First, for those who aren't yet familiar with the Photoshop RAW image converter, I'll give you a brief familiarization. Of course, if you're already familiar, you can skip over this next section. The balance of the article will organize your RAW photo processing into efficient workflow routines for most of the operations you're likely to encounter. It will also, incidentally, introduce you to the power of Photoshop CS' new scripting capabilities by utilizing one of Russell Brown's (Adobe's head Photoshop tipster) scripts for automatically processing RAW images.
Few all-purpose image-processing programs are capable of processing RAW files, because each camera manufacturer has different file specifications for RAW images. However, Adobe has created this new built-in version of the original Photoshop Camera RAW plug-in so it can read RAW images from all the most popular pro and prosumer digital cameras and then open them directly into Photoshop. This makes it much easier to accept files directly from a variety of photographers who might be using different cameras.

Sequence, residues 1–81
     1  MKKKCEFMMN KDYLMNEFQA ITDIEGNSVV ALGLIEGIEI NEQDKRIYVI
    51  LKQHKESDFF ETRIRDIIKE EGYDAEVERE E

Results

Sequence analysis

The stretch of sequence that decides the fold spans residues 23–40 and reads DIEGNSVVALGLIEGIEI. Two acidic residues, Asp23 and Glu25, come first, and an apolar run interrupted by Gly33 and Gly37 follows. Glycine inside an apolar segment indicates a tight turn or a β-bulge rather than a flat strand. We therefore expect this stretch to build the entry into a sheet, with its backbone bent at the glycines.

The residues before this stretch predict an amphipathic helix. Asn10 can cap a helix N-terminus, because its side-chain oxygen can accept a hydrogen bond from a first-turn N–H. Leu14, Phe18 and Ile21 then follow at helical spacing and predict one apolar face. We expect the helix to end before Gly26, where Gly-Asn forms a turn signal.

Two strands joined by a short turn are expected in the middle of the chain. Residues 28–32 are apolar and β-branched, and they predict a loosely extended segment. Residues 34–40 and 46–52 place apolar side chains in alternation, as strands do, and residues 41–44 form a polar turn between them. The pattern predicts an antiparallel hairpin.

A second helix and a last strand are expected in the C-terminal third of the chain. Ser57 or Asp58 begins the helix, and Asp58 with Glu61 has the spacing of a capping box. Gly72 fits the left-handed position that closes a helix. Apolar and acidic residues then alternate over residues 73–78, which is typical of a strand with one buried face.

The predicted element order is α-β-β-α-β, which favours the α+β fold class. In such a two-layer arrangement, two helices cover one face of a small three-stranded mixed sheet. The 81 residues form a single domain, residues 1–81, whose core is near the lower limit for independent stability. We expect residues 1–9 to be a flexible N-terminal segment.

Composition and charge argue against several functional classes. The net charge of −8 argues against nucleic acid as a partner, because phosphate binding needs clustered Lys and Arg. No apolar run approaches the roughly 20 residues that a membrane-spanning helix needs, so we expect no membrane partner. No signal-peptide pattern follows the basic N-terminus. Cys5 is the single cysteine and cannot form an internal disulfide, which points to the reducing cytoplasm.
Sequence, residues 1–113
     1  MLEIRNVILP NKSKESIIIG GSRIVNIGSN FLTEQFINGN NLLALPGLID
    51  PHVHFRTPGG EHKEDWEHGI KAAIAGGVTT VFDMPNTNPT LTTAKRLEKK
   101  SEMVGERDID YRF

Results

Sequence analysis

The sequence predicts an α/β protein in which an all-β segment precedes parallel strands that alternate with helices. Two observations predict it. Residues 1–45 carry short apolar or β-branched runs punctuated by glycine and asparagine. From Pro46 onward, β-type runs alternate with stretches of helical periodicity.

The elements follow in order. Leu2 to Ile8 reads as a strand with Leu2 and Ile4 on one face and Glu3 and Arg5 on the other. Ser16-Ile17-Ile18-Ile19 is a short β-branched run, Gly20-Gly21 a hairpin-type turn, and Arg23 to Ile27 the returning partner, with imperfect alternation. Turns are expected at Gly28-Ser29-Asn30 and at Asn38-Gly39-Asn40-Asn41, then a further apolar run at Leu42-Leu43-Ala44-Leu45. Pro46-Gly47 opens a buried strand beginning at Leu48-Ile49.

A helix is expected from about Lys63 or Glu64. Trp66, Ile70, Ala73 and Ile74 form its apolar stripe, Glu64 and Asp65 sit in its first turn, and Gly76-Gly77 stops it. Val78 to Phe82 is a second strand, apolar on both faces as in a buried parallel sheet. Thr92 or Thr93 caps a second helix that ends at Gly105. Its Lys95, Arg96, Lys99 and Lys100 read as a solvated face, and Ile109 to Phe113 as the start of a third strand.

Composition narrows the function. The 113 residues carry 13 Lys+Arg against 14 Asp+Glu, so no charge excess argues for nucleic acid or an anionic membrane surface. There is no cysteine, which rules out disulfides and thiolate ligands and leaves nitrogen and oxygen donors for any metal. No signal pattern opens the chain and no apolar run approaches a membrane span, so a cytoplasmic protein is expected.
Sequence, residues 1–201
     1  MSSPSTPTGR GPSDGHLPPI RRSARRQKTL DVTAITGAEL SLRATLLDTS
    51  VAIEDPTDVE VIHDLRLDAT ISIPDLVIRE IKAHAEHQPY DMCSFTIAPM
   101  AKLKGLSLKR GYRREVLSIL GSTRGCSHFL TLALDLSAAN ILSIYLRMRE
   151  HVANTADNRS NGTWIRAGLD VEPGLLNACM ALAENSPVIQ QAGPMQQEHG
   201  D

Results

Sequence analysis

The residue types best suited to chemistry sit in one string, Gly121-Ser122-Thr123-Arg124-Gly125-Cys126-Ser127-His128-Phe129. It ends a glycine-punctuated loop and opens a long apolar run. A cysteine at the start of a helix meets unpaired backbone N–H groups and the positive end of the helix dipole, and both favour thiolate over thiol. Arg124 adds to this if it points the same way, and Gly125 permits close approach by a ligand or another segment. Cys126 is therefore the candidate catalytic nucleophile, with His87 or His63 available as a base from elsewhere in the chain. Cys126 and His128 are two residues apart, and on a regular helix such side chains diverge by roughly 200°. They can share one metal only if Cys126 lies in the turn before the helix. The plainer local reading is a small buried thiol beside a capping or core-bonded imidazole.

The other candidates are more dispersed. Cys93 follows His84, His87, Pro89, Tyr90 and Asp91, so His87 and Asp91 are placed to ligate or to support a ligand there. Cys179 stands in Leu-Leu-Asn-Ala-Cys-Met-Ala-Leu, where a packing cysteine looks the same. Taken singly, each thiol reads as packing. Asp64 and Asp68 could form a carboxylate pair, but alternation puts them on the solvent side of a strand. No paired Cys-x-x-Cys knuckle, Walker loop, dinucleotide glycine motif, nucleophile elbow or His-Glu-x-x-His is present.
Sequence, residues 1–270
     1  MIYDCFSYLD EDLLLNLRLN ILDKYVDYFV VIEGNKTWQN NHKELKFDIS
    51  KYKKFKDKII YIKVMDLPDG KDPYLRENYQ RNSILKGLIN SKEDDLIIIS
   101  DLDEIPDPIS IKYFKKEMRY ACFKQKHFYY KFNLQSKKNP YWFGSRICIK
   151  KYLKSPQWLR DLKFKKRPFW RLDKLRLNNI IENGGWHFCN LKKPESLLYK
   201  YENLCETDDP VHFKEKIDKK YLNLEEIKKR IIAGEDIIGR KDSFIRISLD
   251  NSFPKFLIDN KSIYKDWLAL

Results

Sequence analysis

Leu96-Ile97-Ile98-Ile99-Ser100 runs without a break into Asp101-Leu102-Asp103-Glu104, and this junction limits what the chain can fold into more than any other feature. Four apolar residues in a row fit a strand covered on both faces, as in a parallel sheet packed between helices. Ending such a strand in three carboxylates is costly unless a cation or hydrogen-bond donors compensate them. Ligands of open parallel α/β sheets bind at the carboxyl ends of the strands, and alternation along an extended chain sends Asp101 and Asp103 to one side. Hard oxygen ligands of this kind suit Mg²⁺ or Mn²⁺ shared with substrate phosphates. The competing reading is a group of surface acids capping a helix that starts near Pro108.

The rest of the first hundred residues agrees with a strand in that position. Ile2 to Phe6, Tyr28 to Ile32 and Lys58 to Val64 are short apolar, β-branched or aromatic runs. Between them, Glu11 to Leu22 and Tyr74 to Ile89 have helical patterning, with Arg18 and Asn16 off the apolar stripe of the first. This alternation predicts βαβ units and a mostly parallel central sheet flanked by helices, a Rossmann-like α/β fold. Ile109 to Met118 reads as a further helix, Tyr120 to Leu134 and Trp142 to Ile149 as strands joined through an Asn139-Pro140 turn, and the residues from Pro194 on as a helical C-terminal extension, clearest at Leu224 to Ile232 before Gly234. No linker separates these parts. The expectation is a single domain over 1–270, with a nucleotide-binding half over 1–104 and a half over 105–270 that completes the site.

Also, the Photoshop CS RAW file interpreter is significantly more powerful than the software bundled with most cameras (though you should take a look at your own software and make that judgment for yourself -- nothing in this industry is static).
Having said all that, check Figure 2 to see what the RAW image processor dialog looks like.
Although the settings you can make in the new RAW file converter are greatly expanded over the older plug-in (no longer available), the settings essential to getting an acceptable-looking Photoshop file are the same:
3. Automate the RAW Processing for All Photos Shot of Identical Subject and Lighting Conditions
If you've learned the most important lesson in what it takes to become a good photographer, you'll take lots of photos of any given situation so that you give yourself (and your client, if it's a commercial job) the best chance at capturing the most meaningful moment, composition, and camera angle. Now, here's the problem with that plan: If you're shooting RAW, it can take a lot of time to do the settings for each of those similar images. The answer is to do the settings for one of the photos and then automate the application of those same settings to all the other photos. Photoshop CS makes this operation very fast and easy. Here's the 1,2,3 of it:
Holy Smoke! Batman!! We got the power!! Repeat the above seven steps for each different series of images shown in the File Browser immediately after a download, until your whole assignment has been properly adjusted.
If you need to confirm all the files with your client before you make any settings, then you may want to reverse the order of doing this procedure and the next one. Just remember that, otherwise, you'll save time by keeping them in this order.
4. Automate Converting Your RAW Files to the Commonly Needed Formats